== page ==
Q: What kind of air purifier is best to get rid of pet dander?
A: We all love our pets, but we usually don’t love their hair, dander and associated smells. In addition to being an inconvenience, hair and dander can be a real problem for those with sensitive or weakened immune systems. Having a pet can be an unrealistic dream for people with allergies unless they install an air cleaning purifier with a HEPA and pre-filter. This will often reduce a lot of the symptoms.
Q: Do air filters need a lot of maintenance?
A: The amount of maintenance your air purifier will need will vary, depending on the model and the brand. While some models have permanent filters, most air purifiers come equipped with removable filters that should be changed every six to eight months. To extend the life and effectiveness of your filter, you can also run a vacuum cleaner over it every few weeks. Choosing a model with a “change-filter” indicator is always a good idea, as this will alert you to when to change the filter.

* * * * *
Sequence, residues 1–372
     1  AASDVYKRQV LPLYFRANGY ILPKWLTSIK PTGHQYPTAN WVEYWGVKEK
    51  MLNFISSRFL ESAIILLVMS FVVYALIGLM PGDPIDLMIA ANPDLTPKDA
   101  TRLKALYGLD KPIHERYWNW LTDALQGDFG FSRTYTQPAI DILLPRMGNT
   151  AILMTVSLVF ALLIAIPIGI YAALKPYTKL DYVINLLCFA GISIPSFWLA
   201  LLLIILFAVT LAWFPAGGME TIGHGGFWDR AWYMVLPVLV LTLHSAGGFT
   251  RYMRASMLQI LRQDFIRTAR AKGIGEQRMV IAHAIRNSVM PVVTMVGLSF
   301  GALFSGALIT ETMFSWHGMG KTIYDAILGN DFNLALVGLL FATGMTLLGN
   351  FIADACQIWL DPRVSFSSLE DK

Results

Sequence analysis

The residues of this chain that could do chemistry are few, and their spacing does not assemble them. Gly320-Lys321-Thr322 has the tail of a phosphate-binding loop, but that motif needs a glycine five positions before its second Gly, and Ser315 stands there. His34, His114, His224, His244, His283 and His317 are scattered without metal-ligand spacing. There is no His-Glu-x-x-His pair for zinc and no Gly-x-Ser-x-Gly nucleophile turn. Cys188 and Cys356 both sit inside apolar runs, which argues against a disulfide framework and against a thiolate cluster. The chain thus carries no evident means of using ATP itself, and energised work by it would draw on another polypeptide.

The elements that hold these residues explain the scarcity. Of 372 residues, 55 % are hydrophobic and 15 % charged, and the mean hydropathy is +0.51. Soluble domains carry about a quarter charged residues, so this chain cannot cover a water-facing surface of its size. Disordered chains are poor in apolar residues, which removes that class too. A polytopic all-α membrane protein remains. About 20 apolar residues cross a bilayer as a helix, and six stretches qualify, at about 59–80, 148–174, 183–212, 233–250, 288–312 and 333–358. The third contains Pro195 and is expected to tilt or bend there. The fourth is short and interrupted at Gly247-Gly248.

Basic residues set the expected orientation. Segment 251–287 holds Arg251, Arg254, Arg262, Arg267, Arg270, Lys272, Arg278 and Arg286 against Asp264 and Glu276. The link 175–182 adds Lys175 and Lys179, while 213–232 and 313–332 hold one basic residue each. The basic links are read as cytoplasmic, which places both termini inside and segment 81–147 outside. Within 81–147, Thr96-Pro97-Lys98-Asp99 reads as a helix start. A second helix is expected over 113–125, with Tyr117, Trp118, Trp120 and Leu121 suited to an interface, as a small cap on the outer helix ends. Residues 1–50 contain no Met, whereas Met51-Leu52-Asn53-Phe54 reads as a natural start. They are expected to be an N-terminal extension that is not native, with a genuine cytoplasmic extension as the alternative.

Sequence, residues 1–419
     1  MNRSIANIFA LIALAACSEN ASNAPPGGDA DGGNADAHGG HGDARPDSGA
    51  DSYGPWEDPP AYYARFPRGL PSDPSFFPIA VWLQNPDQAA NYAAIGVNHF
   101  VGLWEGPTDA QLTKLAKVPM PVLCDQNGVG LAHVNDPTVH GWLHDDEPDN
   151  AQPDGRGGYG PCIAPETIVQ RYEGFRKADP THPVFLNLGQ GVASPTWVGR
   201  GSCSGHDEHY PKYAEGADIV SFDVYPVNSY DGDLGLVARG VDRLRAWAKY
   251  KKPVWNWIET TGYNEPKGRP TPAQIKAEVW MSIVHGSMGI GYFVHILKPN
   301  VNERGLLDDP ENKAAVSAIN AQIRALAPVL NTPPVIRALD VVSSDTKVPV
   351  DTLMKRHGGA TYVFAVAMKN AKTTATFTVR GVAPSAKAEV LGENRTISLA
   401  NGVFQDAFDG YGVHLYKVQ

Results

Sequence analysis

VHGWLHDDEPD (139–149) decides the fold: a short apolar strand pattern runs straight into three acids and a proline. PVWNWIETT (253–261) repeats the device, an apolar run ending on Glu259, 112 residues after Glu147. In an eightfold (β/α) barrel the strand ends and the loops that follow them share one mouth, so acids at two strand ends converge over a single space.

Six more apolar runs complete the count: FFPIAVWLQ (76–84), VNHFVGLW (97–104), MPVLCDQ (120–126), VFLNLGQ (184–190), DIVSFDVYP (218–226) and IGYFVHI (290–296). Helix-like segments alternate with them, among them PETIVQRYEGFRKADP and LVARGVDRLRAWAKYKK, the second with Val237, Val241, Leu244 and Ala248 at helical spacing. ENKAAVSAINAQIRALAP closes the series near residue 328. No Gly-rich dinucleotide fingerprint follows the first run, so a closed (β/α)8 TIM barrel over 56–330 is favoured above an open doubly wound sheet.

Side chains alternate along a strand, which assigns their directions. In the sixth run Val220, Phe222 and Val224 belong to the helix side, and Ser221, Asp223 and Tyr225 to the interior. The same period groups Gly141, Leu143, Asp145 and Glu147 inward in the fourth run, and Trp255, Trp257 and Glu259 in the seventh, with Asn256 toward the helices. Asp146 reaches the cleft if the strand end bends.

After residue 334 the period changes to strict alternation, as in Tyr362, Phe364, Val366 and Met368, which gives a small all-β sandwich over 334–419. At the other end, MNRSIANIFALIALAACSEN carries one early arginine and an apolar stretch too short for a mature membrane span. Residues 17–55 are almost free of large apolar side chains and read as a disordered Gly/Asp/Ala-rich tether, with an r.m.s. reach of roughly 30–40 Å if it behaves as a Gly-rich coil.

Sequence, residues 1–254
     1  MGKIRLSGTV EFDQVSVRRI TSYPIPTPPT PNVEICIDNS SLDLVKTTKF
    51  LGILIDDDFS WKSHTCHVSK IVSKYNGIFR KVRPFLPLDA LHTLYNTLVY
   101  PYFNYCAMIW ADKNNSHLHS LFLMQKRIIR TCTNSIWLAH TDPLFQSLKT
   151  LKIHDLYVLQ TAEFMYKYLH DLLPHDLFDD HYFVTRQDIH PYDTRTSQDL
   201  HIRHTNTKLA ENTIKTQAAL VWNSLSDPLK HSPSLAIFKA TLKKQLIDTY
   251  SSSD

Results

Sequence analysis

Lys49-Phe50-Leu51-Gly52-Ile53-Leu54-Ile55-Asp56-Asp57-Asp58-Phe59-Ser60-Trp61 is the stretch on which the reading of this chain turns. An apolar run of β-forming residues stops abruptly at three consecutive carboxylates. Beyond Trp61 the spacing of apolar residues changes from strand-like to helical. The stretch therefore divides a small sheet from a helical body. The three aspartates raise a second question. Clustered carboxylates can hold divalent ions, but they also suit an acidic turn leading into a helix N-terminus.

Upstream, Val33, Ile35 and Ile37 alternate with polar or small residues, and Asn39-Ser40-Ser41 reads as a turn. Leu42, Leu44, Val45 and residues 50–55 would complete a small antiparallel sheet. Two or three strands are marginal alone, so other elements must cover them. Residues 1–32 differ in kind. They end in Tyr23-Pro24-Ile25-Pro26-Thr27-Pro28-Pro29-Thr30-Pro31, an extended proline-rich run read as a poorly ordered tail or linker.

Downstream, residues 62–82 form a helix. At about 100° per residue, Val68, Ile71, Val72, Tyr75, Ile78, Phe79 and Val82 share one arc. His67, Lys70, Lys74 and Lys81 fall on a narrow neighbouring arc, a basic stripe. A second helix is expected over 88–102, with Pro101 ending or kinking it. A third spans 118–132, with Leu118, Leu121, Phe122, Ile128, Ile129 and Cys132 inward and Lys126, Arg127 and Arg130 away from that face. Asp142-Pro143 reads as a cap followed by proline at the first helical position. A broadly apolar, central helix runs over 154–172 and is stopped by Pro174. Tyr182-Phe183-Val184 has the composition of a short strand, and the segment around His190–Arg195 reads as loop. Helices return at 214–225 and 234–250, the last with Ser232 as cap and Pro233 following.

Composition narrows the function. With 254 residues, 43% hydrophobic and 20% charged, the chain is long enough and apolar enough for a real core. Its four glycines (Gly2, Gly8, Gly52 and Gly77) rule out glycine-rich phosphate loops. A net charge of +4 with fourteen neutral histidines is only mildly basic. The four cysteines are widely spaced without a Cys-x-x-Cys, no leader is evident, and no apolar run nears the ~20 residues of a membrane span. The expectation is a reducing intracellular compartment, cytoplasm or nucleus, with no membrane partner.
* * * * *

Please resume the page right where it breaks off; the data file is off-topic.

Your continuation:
Q: Are all air purifiers noisy?
A: Air purifiers have a reputation for being loud and obnoxious, but this does not need to be the case. Its decibel level will depend on the model and the fan operating speed. Some brands are known to be much quieter than others, so it pays to do some research if noise level matters to you.
Q: How often should I run my air purifier, and for how long?
A: In order to achieve the best results, it is a good idea to run your air purifier continuously. That said, in order to lower your electricity costs and minimise the noise, you can always switch it onto the lowest setting whenever you are home.